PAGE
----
As New York culture elite resumes go, you’d be hard pressed to do better than this: Adam Guettel is a third-generation musical theater composer (his grandfather is Richard Rodgers, and his mother is Mary Rodgers). As a boy soprano, he appeared in 32 performances at the Met, including six as Yniold in Pelléas et Mélisande. Guettel, who also writes lyrics and occasionally performs as a singer and instrumentalist, is alum of Phillips Exeter and Yale.
But I hasten to add—if the legacy is blue-chip, Guettel’s own achievements are still more so. Probably his best-known work is The Light in the Piazza, for which he wrote both music and lyrics, and to my mind it’s one of the two greatest musical theater scores of the last 25 years (the other is Grey Gardens). Something close to an operetta or chamber opera, LITP is a magically sensual, tuneful extravaganza.
It’s also a striking departure from Guettel’s marvelous Floyd Collins, a darkly beautiful musical whose score summons a plaintive, Western folk song musical world.
And both are quite different again from Myths and Hymns, which has now been around for 25 years in various forms. Conceived by Guettel as a song cycle that explores human relationships to the gods across the span of history into today, it has been seen and heard in concert and staged settings, and some of the individual songs are often performed in cabaret. “Migratory V” has been recorded by Audra McDonald, Betty Buckley and Judy Kuhn, among others.
That song is one of six seen in a wonderfully eclectic 30-minute video presentation by New York’s beloved MasterVoices ensemble, performing with a group of soloists that is every bit as distinguished as Guettel himself: they include Renée Fleming, Julia Bullock, Norm Lewis, Kelli O’Hara, Joshua Henry, Jose Llana, Capathia Jenkins, Take Six and more. (See what I mean about eclectic?)
This particular “drop” (as the kids say) is a first chapter in what will ultimately be four releases and a total of 24 songs. Three more installments will be released in February, April, and May at which point the entire work will be available for streaming free of charge on YouTube through June 30.
My plan is to write about them in groups as they are released, and possibly to do some summing up commentary at the end. I encourage you to watch them that way, too. But already, based on this installment, I’m prepared to believe that MasterVoices’ epic project will be the best showcase Myths and Hymns has yet received.
The musical values are, of course, superbly served—the list of participants alone should tell you that. To my mind, the streaming platform is pretty much an ideal way to experience this piece, which works as well in excerpts or in random order as it does when taken as a whole.
There is, of course, a thematic arc—really, “arcs” plural—to Myths and Hymns. But the COVID quarantine gives new resonance to Guettel’s music and lyrics. This section is called “Flight,” which indeed is a motif in several of the source stories (Icarus and Pegasus among them). But as we repeatedly watch and hear the soloists consider the heavens and some sense of upward momentum, we are more keenly aware than ever of how fragile and earthbound we mortals be.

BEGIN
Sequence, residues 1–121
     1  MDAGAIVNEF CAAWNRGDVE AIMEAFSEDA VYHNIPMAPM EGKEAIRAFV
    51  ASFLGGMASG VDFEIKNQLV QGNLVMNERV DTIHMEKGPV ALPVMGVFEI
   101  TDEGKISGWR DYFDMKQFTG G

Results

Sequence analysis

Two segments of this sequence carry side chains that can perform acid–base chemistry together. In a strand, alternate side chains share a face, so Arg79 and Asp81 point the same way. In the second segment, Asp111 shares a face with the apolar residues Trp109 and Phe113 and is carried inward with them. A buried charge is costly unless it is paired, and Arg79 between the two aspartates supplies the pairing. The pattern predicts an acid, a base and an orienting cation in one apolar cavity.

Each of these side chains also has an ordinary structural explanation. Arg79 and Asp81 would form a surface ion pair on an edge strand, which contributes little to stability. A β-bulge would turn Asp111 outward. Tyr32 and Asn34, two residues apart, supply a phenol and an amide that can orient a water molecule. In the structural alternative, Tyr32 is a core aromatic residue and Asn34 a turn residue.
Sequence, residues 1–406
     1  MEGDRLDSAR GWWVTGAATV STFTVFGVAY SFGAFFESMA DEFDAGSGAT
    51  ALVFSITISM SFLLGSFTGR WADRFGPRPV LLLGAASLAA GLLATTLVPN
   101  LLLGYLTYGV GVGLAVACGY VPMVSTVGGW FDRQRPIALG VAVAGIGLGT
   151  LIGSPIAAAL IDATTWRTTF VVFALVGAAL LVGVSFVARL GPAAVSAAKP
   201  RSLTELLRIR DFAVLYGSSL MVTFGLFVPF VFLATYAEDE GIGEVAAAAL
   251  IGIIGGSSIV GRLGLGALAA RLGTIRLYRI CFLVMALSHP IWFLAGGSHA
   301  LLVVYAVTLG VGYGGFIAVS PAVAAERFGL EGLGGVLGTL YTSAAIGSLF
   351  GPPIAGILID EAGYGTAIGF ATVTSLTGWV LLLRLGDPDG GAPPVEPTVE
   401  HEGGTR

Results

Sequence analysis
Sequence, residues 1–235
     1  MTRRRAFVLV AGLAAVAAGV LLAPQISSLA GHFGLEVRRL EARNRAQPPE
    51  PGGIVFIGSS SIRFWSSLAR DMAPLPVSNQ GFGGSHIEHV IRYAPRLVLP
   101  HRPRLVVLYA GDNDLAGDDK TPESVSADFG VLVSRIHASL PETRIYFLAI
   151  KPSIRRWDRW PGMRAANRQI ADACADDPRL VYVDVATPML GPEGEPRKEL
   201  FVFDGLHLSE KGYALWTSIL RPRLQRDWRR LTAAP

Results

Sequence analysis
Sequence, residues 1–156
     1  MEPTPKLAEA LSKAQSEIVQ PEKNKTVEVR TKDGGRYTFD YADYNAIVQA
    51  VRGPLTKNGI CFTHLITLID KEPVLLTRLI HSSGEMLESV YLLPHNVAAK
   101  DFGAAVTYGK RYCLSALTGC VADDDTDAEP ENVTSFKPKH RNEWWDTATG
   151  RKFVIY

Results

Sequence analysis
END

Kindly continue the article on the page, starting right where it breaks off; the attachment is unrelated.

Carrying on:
Each sequence is directed and designed as a separate entity. Self-recorded videos of the soloists are augmented by fanciful animation, as well as some artful location photography.
Taken together, it’s a transfixing and emotionally cathartic experience. I’ll highlight three sections in particular:
Icarus is to me the most accessible of these songs, an irresistibly smooth R&B number that playfully puts the famous story in a wry contemporary context. Norm Lewis sings gloriously across a huge range—indeed, this is the best I’ve heard him sound in years—and he’s paired with the similarly terrific Mykal Kilgore and, of course, MasterVoices themselves.
Pegagus. If Icarus is the catchiest song here, this is quirkiest, and it will tell you a lot about the variety of Guettel’s palette. It begins here with a spoken introduction by the divinely quirky—indeed unique—Annie Golden, who, by the way, is a Myths and Hymns veteran. As it moves on, the style evolves, offering interesting opportunities to Jose Llana (winningly boyish and clarion-voiced), Capathia Jenkins (also clarion, and lots of fun!) and Elizabeth Stanley (also fun, and vocally virtuosic). By the way, that’s Guettel himself whom you’ll glimpse playing the guitar.
Migratory V. Usually performed as a solo, this song gets the Rolls Royce treatment by a trio of star sopranos—Fleming, Bullock and O’Hara, no less, who individually and collectively limn the emotion in a moving ballad whose title evokes the characteristic pattern of birds in flight. (Please tell me that some clever soul thought to record Bullock, Fleming, and O’Hara in “Sing for Your Supper,” as an encore bonne bouche to be used some context or other!)
I’m still in awe that the close harmonies could be so skillfully achieved in isolation, but of course, that’s MasterVoices’s brand. I’m equally impressed by the visuals, created by artists including director Lear de Bessonet, illustrators including Yazmany Arboleda and Cloud Chatanda, and others. (I’m also in love with the names!)
Okay, now it’s your turn to enjoy it. You might also want to check out this episode of Stars in the House, which features interviews and conversation with a number of the participants.
Images: MasterVoices ensemble